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Corruption – It Couldn’t Happen Here

San Miguel de Allende (73 of 1220)“There’s too much corruption” said the cab driver. “It’s everywhere. People like me don’t stand a chance.”

We conversed in Spanish as Lalo wound his way through the narrow streets of San Miguel de Allende in the mountains of Central Mexico. Between heavy traffic and an excess of tourist for the holiday weekend, it was apparent we’d have plenty of time for our discussion of the life of a small business person in this beautiful city.

A cab driver in this and other cities in the area rents the cab. He has to put his own gas in the car, wash it and do the minor maintenance. The company takes care of any major repairs. Depending upon the demand for cabs on any given day, Lalo might or might not clear enough to pay the company. It’s in his last hours of work that he gets enough business to feed himself and his family. Lalo works twelve hours per day, six days per week.

His frustration grew as he told me how the city limits a cab owner to only two vehicles. “It’s their way of making sure no one can build an empire and that everyone has an equal chance” he railed. “But the owner of my cab has two. His wife has two. Each of his kids has two. His mother has two. It’s just corrupt” he grumbled.

“The government allows only 355 cabs in the city, but if they decide to allow 360, who gets the new permits? Whoever puts the money in the right palm” he said. A sense of hopelessness seemed to ride with his words.

“Don’t you think it’s just human nature? It probably goes on everywhere” I suggested. He said it would be hard to believe.

“There are parts of Russia where you get shaken down every few miles when you’re traveling” I told him. I remembered the frustration of having to pay multiple bribes in southern Russia just to get to my destination.

“Everywhere you look, there’s corruption” Lalo lamented.

I’ve been around long enough to see more than my share of corruption within the boundaries of the United States. Politicians, police, union bosses, building inspectors, judges – we’re not immune here. But if you search any one of the numerous lists of “corruption indices” of nations around the world, we’re usually pictured as the clean and pure people. It’s said we have far less corruption than countries like Mexico.

I sat on the roof deck overlooking the city that evening pondering the question. Are we truly less corrupt in the good old U.S.A? As I tried to reconcile the perception with the realities of what I have personally observed over the years, the explanation began to become clear in my mind.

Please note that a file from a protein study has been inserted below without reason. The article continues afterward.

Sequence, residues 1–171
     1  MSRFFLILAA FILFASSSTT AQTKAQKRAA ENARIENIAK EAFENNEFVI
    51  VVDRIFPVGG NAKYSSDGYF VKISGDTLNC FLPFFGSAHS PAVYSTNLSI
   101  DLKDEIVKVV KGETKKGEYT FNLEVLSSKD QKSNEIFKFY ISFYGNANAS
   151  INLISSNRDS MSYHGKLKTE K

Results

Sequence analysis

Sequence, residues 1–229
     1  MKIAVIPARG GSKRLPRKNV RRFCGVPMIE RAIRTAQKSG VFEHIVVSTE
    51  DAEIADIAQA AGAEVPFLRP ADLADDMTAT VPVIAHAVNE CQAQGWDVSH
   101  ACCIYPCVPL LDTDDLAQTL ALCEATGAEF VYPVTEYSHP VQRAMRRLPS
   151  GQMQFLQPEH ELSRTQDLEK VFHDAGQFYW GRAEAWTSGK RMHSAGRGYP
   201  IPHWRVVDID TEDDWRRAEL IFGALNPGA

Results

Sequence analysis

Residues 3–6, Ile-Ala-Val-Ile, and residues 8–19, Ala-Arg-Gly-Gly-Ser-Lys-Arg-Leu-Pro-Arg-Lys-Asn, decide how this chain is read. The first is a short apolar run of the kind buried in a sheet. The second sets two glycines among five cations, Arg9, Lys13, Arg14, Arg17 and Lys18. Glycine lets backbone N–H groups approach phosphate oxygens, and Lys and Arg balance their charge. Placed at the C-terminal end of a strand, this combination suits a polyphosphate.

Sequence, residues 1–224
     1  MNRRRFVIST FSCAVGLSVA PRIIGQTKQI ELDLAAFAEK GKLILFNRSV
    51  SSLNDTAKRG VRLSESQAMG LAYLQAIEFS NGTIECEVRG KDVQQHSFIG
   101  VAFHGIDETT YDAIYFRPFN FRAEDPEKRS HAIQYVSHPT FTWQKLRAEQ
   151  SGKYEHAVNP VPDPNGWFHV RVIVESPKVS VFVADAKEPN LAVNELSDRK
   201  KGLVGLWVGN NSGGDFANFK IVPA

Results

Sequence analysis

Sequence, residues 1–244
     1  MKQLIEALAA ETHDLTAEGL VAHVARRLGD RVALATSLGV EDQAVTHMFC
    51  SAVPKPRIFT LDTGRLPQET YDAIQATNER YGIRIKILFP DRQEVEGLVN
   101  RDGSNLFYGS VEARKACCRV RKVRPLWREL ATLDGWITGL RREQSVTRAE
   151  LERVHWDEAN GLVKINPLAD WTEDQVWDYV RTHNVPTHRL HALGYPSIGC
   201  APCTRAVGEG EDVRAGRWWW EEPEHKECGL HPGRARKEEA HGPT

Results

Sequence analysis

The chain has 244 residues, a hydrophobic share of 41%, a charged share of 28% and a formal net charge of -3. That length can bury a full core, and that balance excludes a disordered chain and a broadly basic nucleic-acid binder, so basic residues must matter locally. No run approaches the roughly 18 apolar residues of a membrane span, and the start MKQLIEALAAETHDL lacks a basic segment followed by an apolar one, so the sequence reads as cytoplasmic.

Yes, we are not as corrupt here in the United States. However, it’s only because we’ve legalized corruption. We made it acceptable, even honorable. If we want favorable treatment in the business world, we don’t (always) offer a simple cash payment, a.k.a. “bribe”. We simply “meet” with the decision maker. Admittedly we meet over dinner (which we pay for). The dinner follows the golf round (which we pay for) at Pebble Beach. After a night on the town, we take the decision maker out for a cruise on the yacht (which we pay for). We get the business, but only because our presentation skills are so good. And then to top it all, we write all these expenses off our tax returns (which you pay for).

Is that corruption? No, that’s just the way we do business. There are a million variations on the theme, but we’re squeaky clean and as pure as the wind driven snow.

bribe1But still, obstacles remained. If we wanted to “buy” a politician, it was getting difficult. Enter the U.S. Supreme Court and “Citizens United”. It’s no longer corporate bribery; corporations are “people”. They’re no longer bribing people; they’re simply exercising their First Amendment right of free speech, just like other “people”.

That isn’t good enough. Limits to campaign contributions are (if you believe the lemmings in the Tea Party) a further restriction of a person’s First Amendment rights. There’s no limit on the amount of free speech you can exercise is there? Special interests and powerful corporations can pour massive quantities of money into the coffers of the politicians that serve their interests. It’s not corruption. It’s standard operating procedure.

Who are we trying to kid? Call it what it is – corruption. Just because we’ve dressed it up in a nice suit and tie and whistled a patriotic song, doesn’t make it anything else. It’s down and dirty corruption no matter how you cut it. As an individual citizen, I’ve got no voice. Even if I wanted to buy a ticket to my congressman’s ear, I can’t compete with the big guys in the bidding process.

And we wonder why the country has been so polarized. The Tea Party lemmings are duped into doing the bidding of the special interests not realizing they’re fighting against their own interests. The other side fights frustration and disenfranchisement which pushes it harder toward the other pole.

I long for the good old days like they have in Mexico. Down there, if you to want to own a politician, you have to buy him the old fashioned way – money in the palm. Why do we have to make things so complicated?

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